In addition, the firm was required to: “In your response to this letter, investigate your retention and review of CGMP data and provide the results. Focus on your firm’s review and retention of laboratory raw data. In addition, provide your interim plan for reviewing and retaining data while your firm is in the process of implementing access controls and audit trail capabilities.”

  • CordenPharma (Sermoneta, Italy) received a warning letter dated May 20, 2016 based on the outcome of an inspection ending May 29, 2015. The firm manufactures both APIs and sterile drug product. Fierce Pharma reports that “CordenPharma last year got FDA approval to produce sterile products at a plant in Italy. Now, it has gotten an FDA warning letter for a host of issues for its aseptic filling, including the fact the FDA doesn’t like the plant’s design when it comes to sterile production.” It seems odd that a facility with inadequate design and the problems described in the warning letter would have been approved in the first place. Deficiencies include but are not limited to:
    • Black grime and filth” were visible on the tiles in the aseptic processing area. FDA reminds them that floors in an aseptic processing area should be smooth hard surfaces, and they ask for photographic evidence of the “floor replacement” as well as requalification of the environmental monitoring and a media fill strategy. These are not the type of remediation that will happen quickly.
    • Cleaning procedures in the aseptic area involved spraying of water that left standing water pools that could be a source of microbial contamination.
    • Bulk drug product samples are not taken and tested for sterility.
    • (API) Sixty-one media plates used in environmental monitoring were damaged or in a condition where they may have resulted in an under estimation of microbial contamination.
    • The sterile API rooms had floor drains which FDA states are not consistent with ISO5/ Grade A area facility design and operation. The firm is provided a link to the FDA’s Guidance on Aseptic Processing.

All these observations beg the question of why these deficiencies were not identified during the PAI, assuming one was conducted.

  • SmithKline Beecham Limited (Worthington, UK) received a warning letter on June 30, 2016 based on the outcome of an inspection ending July 10, 2015. This site manufactures APIs. The deficiencies focused on potential cross contamination with penicillin and inadequate investigations. The form 483 may be purchased at the FDAzilla STORE. Deficiencies include but are not limited to:
    • The firm identified the presence of penicillin in non-penicillin areas over 187 times since 2012. FDA comments that ‘Your facility and controls to prevent contamination of non-penicillin drugs with penicillin are wholly inadequate’.
    • The analytical method used to detect penicillins was not validated to detect all types of penicillin made in the facility. The method validation raw data could not be located, and the method itself has been modified since the original validation.
    • The firm cannot demonstrate that the current cleaning validation is adequate to remove the penicillins currently manufactured at the site. The FDA gives the firm two choices: either dedicate the facility to production of penicillins or fully decontaminate the facility. If the firm decides on the later, until the FDA verifies the adequacy of this decontamination, the firm should not provide any non-penicillin products to the US market from this site. Further, FDA states ‘It is profoundly difficult to completely decontaminate a facility of beta-lactam residues.’ More than a hint in that last sentence.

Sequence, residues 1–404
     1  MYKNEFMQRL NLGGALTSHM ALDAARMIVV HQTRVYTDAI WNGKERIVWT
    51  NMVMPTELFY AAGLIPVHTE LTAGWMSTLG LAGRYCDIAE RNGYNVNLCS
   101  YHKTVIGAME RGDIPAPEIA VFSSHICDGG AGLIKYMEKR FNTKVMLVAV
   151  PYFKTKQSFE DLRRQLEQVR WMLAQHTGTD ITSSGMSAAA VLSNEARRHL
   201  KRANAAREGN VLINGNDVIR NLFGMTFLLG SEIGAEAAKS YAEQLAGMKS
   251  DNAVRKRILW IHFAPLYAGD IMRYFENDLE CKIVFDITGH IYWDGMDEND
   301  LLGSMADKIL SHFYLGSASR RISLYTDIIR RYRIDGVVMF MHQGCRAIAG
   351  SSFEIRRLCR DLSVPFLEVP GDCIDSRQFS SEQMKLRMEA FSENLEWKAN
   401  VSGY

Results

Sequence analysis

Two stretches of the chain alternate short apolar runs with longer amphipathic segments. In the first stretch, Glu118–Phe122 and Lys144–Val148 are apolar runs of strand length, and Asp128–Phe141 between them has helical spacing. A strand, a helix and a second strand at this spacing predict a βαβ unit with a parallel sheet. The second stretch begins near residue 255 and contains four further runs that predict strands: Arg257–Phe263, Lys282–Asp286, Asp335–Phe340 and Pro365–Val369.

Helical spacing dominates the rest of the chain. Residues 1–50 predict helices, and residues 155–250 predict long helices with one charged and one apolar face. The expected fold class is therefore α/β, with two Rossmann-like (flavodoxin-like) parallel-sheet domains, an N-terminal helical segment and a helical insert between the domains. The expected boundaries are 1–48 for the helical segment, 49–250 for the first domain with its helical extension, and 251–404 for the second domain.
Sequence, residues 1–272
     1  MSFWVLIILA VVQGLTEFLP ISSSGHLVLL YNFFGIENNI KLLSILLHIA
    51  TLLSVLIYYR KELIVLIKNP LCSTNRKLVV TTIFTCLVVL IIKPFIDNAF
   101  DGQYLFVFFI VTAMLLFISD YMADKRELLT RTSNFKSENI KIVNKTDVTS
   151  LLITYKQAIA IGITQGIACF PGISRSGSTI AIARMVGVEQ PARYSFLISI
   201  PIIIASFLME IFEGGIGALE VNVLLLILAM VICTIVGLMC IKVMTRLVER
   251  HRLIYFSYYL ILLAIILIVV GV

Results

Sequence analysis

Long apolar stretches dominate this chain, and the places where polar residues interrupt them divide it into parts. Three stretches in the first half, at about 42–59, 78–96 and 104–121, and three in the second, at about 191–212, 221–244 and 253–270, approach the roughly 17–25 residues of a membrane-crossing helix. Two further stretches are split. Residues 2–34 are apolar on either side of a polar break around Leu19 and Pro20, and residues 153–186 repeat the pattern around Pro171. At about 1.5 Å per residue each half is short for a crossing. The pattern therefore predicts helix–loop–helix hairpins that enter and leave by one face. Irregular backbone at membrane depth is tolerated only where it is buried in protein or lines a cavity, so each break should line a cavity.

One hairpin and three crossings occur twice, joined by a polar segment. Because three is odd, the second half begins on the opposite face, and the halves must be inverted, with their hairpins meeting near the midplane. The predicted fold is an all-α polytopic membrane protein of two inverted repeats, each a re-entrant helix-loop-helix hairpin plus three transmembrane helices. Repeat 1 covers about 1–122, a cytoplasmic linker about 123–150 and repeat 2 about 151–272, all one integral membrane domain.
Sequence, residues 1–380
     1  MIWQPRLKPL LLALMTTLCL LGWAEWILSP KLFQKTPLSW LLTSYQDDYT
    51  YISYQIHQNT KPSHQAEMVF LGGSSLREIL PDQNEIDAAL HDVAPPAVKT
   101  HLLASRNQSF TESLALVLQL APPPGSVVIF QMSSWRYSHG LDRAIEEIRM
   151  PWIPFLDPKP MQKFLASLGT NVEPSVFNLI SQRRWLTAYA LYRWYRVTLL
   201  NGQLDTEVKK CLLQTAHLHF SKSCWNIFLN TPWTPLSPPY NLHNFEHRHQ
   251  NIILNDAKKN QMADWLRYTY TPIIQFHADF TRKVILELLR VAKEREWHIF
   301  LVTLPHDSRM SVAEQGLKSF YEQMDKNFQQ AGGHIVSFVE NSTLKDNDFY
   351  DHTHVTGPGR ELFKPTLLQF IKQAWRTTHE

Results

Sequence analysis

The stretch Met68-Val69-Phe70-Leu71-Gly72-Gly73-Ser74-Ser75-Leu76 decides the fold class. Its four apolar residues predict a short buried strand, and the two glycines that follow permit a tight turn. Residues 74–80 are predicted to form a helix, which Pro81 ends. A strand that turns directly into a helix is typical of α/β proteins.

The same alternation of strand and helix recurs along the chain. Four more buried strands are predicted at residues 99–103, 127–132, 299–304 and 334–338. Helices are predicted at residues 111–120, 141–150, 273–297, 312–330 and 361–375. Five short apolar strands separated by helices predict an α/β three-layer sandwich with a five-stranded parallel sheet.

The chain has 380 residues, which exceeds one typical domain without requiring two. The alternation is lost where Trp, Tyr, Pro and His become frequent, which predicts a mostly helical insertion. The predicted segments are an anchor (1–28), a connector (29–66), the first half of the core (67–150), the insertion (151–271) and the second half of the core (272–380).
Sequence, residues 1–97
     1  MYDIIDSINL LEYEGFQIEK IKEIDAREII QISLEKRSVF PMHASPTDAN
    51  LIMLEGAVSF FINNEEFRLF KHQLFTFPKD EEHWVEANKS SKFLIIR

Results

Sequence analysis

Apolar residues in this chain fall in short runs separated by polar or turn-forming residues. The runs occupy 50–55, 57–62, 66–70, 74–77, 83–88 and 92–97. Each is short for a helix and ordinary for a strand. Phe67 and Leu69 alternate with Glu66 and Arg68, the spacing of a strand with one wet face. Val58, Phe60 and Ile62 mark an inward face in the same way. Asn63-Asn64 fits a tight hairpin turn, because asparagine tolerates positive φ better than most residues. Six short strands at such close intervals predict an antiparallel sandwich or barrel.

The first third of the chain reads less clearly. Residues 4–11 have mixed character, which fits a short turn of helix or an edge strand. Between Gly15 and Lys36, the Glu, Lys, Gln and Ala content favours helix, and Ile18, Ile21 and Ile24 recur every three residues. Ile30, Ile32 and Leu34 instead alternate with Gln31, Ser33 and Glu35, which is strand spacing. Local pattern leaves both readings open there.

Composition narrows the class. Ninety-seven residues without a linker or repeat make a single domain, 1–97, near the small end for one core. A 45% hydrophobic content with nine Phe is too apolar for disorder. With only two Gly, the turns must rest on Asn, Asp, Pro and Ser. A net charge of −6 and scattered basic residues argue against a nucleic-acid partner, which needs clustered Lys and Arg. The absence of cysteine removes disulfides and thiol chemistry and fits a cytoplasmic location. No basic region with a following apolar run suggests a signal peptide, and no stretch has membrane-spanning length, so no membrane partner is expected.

• The investigations that were cited as deficient addressed exceeding bioburden alert level or action level in the water system, OOS events for APIs and the presence of foreign particles in APIs. Sampling errors were identified as a root cause in many of the water system bioburden excursions but no data were provided to support the conclusion. The OOS for the API included an opportunistic pathogen that was identified in the water used to manufacture the batch. Investigation into the foreign particles did not include a root cause identification, nor was the investigation and analysis extended to other products made in the same equipment.
  • ALK-Abello A/S (Horsholm, Denmark) received an untitled letter based on outcome of an inspection ending March 14, 2016. The firm manufactures licensed biologicals and intermediates. This is the first GMP untitled letter in 2016 issued from CBER. Deficiencies include but are not limited to:
    • WFI points of use in aseptic manufacture are not monitored at appropriate intervals for endotoxin and TOC. Further, there is no procedure to address actions that should be taken when consecutive action level bioburden excursions occur. There have been approximately 80 excursions from the bioburden action level since the FDA inspection in 2014. No corrective actions were initiated until January 2016.
    • Environmental isolates were not used in growth promotion studies supporting media simulations. This is identified as a repeat observation.
    • Expired agar plates were used for environmental monitoring in the aseptic facility.
    • The lyophilizer has not been requalified since March 2000. Further, no requalification occurred after temperature mapping failures. In addition, lots have been aborted due to problems with the lyophilizer.
    • The firm does not have a procedure to specify when stability samples are selected for testing. Approximately 125 samples have not been tested at the required stability time points since 2014. 


In conclusion, the actions taken by both EMA and FDA in 2016 against firms in each other’s jurisdictions have common areas of focus including aseptic processing, cross contamination and data governance / data integrity. EMA took actions against firms in the US which had been inspected by the FDA within 12 months of the European authority inspections so it is likely that either the deficiencies were not identified by FDA or were not deemed to be as serious as the Europeans determined them to be. For the firms that FDA took action against in the EU it is not possible to determine when they were last inspected by a European authority or the nature of the observations. As FDA and EMA move to rely on each other’s inspection outcomes, both want to ensure parity in issues identified to ensure they continue to protect the public health of their citizens. The authorities continue to move closer to the mutual acceptance of inspection results, but as these data show, room for improvement and areas of concern remain.

[i]  The associated form 483 issued to Teva Pharmaceuticals at the end of the inspection on January 29, 2016 may be purchase from FDAzilla STORE, http://fdazilla.com/store/form483/3002875215-20160129

[ii]  The associated form 483 issued to Teva Pharmaceuticals at the end of the inspection on January 29, 2016 may be purchase from FDAzilla STORE, http://fdazilla.com/store/form483/3002875215-20160129